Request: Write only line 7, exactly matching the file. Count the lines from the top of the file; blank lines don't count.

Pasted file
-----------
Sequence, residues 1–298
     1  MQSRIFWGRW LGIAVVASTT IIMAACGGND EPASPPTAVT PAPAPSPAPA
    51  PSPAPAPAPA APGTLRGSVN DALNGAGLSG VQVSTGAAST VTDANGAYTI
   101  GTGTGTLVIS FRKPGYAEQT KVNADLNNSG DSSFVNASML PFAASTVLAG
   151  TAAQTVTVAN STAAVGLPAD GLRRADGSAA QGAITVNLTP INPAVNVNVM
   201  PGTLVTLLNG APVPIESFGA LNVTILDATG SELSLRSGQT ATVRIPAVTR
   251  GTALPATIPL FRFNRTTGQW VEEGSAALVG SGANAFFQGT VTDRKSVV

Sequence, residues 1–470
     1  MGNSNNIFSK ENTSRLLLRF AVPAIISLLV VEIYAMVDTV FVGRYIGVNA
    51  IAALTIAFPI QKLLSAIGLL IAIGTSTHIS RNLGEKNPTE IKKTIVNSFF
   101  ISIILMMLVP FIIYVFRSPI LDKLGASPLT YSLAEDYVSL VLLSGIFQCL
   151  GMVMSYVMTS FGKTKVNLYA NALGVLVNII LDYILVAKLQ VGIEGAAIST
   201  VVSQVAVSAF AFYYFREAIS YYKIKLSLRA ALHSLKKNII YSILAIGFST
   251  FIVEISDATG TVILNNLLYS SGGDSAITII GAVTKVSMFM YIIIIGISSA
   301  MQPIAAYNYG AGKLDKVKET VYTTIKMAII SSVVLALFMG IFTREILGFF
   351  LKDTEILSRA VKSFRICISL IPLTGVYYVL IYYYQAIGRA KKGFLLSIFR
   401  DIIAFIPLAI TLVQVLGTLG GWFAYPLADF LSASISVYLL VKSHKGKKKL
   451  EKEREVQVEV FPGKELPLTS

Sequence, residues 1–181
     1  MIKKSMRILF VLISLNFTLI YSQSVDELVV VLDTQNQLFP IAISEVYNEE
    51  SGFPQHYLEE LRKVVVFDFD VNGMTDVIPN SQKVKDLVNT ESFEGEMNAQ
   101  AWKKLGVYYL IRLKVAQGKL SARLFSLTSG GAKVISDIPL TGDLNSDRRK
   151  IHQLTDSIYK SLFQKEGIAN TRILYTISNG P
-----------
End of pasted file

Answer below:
   251  GTALPATIPL FRFNRTTGQW VEEGSAALVG SGANAFFQGT VTDRKSVV